"Kids know that on Thursdays, even though it's the end of the week, we don't slack off," he said.
And the change has worked for the younger kids, too, said Jenny Konopacki, kindergarten teacher. She said last year most of the elementary teachers thought the four-day schedule wouldn't work, but she's right on schedule for getting through the curriculum.
"The kids have more energy," she said. "They're more excited to be there."
But some parents say some students have struggled with the change.
Stephanie Kruer, a Sheridan lawyer who has two sons in Sheridan Elementary, said she was opposed to the change. But she's been willing to give it a chance.
That's why Kruer is disappointed that the school board is opting to switch schedules next year. The board is studying a schedule that would have only four-day weeks all year.
Kruer, who is part of a group called Sheridan Parents for Students, said by changing the schedule after a year the board won't have any solid data on how the schedule has worked.
"It's just so much more logical to keep this (schedule) for two years to get any sort of information," she said. "We mostly have attendance data and how things are working with their Friday program, but educational data: we have none."
Kruer said while the four-day week may be working for many kids, others haven't adjusted well. Some parents have reported that their children's school performance has dropped this year.
Sheridan could have opted to switch to the four-day week for its high school while remaining on the standard week for elementary students. Kruer said at those younger ages kids are learning the basics of reading, writing and math and need that consistent classroom time that's not made up by adding minutes to the day.
"Adding 23 minutes to the day is not the same as another full day in school, particularly for the younger students," she said. "We get a lot of feedback from the parents who complain that their kids come home tired - that they're just whipped."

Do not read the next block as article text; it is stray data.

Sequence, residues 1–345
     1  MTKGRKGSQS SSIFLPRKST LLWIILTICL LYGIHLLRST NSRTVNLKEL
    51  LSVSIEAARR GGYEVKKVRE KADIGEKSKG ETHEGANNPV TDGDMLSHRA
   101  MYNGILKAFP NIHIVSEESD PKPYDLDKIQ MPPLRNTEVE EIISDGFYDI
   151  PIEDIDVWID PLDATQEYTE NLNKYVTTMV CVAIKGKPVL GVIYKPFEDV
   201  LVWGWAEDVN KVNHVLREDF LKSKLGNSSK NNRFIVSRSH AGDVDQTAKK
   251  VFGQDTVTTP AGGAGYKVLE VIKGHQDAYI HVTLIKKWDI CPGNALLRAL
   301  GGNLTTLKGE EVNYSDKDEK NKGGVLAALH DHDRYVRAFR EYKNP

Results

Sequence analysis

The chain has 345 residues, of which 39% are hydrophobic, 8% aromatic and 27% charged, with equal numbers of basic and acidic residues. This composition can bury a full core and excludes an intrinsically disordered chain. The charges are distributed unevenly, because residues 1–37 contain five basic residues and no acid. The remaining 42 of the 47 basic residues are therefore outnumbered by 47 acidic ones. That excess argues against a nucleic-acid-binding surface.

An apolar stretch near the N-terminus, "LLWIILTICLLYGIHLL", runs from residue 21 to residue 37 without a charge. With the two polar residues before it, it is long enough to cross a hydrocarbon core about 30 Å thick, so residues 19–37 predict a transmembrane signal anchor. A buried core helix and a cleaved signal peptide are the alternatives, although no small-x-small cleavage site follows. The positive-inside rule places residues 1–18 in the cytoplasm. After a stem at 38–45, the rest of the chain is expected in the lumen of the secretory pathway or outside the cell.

Other parents have said the weekends are too long and therefore kids aren't retaining as much of the material. She questioned whether the school board is concerned about all the kids in the district.
"It really shouldn't be based on popularity, it should be based on children's needs," Kruer said. "You can't highlight the ones who are doing well with the four-day school week and ignore the ones who aren't."
Still other parents, however, say the change has worked out.
Kayla Ostler, who has three children in Sheridan schools ranging from second to seventh grade, said like many parents she had her doubts about four-day weeks. She's been pleased with the results.
"Usually by this time of the year they are so tired of school and they haven't even mentioned that school's almost out," she said. "They're not in school so much that they're just tired of it."
The Friday's off don't go to waste, either. Ostler said they often use that day to take care of doctor or dentist visits out of town. Those trips used to mean a day when a kid was pulled out of school.
Despite criticism, board members say they're committed to sticking with the change.
Jack Kaatz, a board member who had three children graduate from Sheridan High School, said he's been pleased with the results. He said the board studied the issue carefully and is committed to trying it for another year.
He said the district has saved some money by having fewer substitutes and other savings, but it's been minimal. And that was never a major consideration. Rather, the board looked at the high rate of absenteeism and decided the four-day week could help solve the problem.
"We have students in their seats with their everyday teacher," he said.
Reporter Nick Gevock may be reached at firstname.lastname@example.org.